LINQ to SQL objects and doing inmemory queries over them

This is extremely easy and for most of you probably so obvious that you’ll start spamming me that this is time spend better on other things. But it has helped others and maybe it can help some of my visitors. I’ve used it when migrating data between two databases, where the data models were nothing alike.

When you’re using LINQ to SQL and are creating new objects that are defined in your LINQ to SQL classes (or .dbml) you can still query over them before committing them to the database. Here’s an example.

// Create root collection that we can query in our application.
List<customer> customers = new List<customer>();  

Customer customer = new Customer();
customer.CompanyName = "Class-A";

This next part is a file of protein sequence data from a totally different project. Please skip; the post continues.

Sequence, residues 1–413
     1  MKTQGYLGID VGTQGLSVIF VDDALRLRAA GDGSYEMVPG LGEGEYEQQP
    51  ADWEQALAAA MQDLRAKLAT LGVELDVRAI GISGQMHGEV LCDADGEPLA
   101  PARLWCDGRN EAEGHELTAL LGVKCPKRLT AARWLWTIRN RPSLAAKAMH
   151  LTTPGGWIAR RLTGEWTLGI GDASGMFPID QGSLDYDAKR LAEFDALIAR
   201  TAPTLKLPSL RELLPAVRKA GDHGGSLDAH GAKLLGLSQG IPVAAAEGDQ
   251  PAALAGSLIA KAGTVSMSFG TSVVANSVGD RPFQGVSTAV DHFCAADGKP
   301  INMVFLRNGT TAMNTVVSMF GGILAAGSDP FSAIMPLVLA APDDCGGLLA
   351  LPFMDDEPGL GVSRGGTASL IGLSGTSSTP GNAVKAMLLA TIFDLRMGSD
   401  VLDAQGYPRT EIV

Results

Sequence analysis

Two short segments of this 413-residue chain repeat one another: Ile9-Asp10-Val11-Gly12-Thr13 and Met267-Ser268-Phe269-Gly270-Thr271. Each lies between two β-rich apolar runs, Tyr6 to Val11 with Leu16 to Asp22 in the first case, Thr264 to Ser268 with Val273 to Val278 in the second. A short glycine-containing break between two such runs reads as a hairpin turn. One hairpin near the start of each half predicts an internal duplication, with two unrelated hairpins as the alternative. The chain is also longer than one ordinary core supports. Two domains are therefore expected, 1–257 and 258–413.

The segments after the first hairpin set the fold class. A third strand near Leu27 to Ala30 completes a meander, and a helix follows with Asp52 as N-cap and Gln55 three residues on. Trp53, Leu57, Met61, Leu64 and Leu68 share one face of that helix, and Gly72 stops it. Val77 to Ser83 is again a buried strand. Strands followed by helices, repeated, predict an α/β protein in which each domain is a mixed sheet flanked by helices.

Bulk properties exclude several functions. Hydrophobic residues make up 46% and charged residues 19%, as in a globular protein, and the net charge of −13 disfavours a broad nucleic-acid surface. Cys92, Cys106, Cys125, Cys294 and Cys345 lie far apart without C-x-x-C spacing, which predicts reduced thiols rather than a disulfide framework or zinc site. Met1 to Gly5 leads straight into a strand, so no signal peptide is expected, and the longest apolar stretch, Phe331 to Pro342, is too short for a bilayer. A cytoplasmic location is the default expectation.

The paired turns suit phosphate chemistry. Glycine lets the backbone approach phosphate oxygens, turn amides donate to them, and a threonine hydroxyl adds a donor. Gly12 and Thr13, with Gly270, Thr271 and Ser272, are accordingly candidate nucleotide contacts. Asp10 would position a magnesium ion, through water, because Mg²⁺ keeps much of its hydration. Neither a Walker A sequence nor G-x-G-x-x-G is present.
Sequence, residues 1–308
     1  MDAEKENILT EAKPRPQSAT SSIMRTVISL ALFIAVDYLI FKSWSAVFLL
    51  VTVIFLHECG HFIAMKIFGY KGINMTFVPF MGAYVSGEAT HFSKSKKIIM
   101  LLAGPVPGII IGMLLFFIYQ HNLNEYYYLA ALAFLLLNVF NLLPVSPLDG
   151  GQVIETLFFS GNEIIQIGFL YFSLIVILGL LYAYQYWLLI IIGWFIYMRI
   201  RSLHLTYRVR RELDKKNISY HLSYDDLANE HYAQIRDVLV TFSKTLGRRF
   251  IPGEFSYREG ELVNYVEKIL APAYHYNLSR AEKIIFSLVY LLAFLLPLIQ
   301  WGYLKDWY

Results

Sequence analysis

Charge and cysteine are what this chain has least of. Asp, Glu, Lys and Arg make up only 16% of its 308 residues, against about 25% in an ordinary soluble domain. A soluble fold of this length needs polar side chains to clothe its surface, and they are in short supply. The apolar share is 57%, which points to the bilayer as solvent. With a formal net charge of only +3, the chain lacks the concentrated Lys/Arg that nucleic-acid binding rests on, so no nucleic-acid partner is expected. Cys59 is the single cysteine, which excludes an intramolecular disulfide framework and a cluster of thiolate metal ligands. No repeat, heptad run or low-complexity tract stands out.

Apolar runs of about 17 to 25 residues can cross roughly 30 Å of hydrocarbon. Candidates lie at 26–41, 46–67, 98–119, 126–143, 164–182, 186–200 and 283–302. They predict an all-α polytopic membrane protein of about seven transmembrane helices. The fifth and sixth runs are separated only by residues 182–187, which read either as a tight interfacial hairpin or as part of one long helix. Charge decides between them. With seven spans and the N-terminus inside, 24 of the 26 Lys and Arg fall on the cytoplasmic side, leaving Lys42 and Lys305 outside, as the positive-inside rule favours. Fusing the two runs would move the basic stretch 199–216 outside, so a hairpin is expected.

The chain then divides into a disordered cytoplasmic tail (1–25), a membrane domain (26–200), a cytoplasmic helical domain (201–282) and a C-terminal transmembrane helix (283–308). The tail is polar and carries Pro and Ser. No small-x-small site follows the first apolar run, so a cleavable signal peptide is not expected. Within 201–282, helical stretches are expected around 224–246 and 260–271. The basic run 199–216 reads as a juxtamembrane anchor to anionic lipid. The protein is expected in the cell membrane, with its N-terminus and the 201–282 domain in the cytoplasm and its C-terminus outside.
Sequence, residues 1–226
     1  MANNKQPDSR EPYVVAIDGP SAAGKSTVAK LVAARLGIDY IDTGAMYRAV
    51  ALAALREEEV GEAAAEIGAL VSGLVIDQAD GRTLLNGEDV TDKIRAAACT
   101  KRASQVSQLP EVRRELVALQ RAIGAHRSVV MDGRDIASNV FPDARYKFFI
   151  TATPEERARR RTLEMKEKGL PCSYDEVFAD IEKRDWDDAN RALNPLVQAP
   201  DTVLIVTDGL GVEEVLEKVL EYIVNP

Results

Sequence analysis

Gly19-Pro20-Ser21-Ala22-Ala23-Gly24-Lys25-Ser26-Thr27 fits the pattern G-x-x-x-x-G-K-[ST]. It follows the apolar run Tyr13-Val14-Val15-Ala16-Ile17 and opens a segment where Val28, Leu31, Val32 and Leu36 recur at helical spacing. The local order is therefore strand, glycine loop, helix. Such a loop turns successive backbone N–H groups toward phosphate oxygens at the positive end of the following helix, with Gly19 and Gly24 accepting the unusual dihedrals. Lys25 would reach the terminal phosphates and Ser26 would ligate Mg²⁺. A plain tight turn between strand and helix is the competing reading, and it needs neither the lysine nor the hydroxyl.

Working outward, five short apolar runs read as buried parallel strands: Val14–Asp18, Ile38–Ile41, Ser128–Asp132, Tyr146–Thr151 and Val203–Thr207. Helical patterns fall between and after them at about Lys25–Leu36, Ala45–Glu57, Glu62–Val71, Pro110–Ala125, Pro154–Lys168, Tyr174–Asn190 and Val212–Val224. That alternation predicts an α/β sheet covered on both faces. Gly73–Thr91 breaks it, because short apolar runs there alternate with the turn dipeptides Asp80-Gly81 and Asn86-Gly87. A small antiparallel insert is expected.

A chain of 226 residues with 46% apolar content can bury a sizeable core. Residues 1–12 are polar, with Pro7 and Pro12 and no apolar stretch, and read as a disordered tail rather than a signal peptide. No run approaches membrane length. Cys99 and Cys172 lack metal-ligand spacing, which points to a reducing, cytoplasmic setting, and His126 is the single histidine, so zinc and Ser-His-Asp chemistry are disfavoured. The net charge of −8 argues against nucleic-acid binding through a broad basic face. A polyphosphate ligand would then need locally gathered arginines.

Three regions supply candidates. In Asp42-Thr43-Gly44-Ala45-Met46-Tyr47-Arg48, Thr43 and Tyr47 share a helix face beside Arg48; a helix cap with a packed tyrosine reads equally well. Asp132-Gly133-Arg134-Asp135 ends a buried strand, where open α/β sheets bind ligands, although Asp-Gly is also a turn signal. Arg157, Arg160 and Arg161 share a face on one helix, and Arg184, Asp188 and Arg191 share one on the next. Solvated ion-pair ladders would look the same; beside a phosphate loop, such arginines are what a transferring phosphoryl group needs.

customer.ContactName = "Dennis van der Stelt";

// Add this customer to our collection.

Product product = new Product();
product.ProductName = "i pwn n00bs t-shirt";

Order_Detail orderDetails = new Order_Detail();
orderDetails.Product = product;

Order order = new Order();
order.Customer = customer;

// Select all ordered products by Dennis
var query = from c in customers
            from o in c.Orders
            from d in o.Order_Details
            select d.Product;

As you can see I never used db.SubmitChanges() so it’s not in the database yet. I did however query over the in-memory collection(s) I’ve build. I’ve created a root collection customers which I’ll use in my application to start querying. You can pass around the list of customers if you’d like.

With this example I can go through all customers in one database and pass every product. Imagine that Alex Thissen had ordered the same t-shirt (which he didn’t btw, he ordered the übergamer t-shirt from the n00b store 😉 I’d be able to query the created products, see that it was already created and make a reference to that product, instead of (again) creating a new one.

Hope that last paragraph makes sense.